Banner Fort Collins Medical Center

WIN 2017

Spirit of Women magazine is a national publication presented to women by hospitals and their physicians. The magazine provides up-to-date, evidence-based healthcare information and promotes our hospitals as leaders in women's health excellence.

Issue link: https://spiritofwomen.epubxp.com/i/915690

Contents of this Issue

Navigation

Page 8 of 31

9 © 2017 Relevate Health Group Inc. All rights reserved. If your partner needs some encouragement, try the following methods to keep him or her in good health: n Make it relevant by discussing family health history. Talk about what illnesses his or her family members have had, and whether or not your partner may be at risk. n Help to prepare for a checkup by making a check- list of anything he or she would like to discuss with the doctor or any health questions he or she may have. n Offer to go to doctor's appointments. If your partner is nervous about a wellness visit, your presence could help him or her to feel more comfortable. n Know what common health issues he or she may be at risk for and the necessary age- and sex-appropriate screenings. Watch for any symptoms, and give reminders of the preventative benefits of screenings. n If your partner is still reluctant, sit down and discuss why he or she does not want to see a healthcare professional. If he or she is worried about the possibility of finding a serious health problem, provide a reminder that the earlier any issues are detected, the more likely it is that they will be less serious and easier to treat. Talk to your partner about keeping each other accountable for good health habits. Start by making sure that your significant other makes – and keeps – an appointment with a healthcare professional for an annual checkup. In Sickness Health It is no surprise that being in love can make you happier, but did you know that it can also make you healthier? Numerous studies have shown that married couples enjoy multiple health benefits that their unmarried counterparts do not. Tying the knot could reduce your risk of suffering a heart attack, improve your overall mental and physical health, and even help you live longer! and in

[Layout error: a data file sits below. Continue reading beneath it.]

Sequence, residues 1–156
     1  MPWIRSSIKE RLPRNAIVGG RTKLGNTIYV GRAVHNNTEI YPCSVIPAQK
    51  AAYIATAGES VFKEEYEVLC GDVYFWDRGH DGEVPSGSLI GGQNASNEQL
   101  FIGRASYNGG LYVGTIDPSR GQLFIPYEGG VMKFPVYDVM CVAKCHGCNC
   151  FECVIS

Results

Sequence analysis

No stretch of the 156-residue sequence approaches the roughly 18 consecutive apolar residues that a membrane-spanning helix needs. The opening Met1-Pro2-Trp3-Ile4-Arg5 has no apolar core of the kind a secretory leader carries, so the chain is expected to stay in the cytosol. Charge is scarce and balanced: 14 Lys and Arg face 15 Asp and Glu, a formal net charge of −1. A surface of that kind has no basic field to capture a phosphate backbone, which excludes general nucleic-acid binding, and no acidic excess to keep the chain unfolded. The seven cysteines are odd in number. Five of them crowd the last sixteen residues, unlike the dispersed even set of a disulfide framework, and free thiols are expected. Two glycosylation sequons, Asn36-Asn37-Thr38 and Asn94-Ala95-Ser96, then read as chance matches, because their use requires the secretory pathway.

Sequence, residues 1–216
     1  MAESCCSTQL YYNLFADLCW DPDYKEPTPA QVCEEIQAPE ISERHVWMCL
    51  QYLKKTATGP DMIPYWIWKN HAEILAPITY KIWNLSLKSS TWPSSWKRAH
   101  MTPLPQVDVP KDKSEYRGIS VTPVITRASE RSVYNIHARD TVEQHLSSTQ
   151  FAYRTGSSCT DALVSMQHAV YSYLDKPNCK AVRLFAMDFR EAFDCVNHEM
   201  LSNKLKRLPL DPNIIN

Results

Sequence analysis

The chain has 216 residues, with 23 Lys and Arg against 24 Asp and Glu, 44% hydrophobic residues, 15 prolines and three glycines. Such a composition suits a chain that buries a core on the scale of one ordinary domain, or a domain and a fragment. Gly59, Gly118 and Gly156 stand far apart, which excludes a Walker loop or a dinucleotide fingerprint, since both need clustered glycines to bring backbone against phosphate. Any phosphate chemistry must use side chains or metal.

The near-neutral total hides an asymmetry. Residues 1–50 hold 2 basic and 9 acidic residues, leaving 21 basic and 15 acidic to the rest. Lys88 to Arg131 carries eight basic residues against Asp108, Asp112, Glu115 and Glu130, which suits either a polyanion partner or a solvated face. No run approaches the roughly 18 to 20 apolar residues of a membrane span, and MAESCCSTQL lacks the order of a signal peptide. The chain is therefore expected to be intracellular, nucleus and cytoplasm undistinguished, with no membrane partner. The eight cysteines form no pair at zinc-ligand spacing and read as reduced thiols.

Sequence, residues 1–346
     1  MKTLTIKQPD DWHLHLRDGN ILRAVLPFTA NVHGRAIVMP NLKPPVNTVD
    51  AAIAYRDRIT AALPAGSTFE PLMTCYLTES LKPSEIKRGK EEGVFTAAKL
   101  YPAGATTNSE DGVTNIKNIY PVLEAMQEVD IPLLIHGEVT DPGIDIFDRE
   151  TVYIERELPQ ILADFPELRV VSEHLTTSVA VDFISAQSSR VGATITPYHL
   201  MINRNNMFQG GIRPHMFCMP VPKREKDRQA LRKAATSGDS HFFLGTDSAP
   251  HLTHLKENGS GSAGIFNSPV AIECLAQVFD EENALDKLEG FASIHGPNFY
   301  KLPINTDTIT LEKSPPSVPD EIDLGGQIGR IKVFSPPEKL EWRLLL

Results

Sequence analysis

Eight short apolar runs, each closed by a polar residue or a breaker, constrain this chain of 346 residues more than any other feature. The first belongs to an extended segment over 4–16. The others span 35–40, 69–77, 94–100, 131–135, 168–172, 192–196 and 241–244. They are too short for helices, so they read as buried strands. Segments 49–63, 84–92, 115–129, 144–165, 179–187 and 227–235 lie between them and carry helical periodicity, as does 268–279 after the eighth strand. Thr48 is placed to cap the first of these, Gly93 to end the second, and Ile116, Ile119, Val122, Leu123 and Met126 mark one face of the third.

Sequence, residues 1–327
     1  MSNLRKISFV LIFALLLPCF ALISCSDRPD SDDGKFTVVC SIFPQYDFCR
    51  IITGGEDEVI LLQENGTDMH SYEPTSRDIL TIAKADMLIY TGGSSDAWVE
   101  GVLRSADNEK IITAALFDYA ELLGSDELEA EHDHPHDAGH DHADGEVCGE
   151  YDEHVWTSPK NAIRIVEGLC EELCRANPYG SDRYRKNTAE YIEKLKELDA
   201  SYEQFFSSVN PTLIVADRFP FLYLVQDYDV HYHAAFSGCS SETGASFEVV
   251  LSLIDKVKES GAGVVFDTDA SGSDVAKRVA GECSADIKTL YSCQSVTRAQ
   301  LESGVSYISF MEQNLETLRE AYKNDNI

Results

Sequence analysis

Articles in this issue

Archives of this issue

view archives of Banner Fort Collins Medical Center - WIN 2017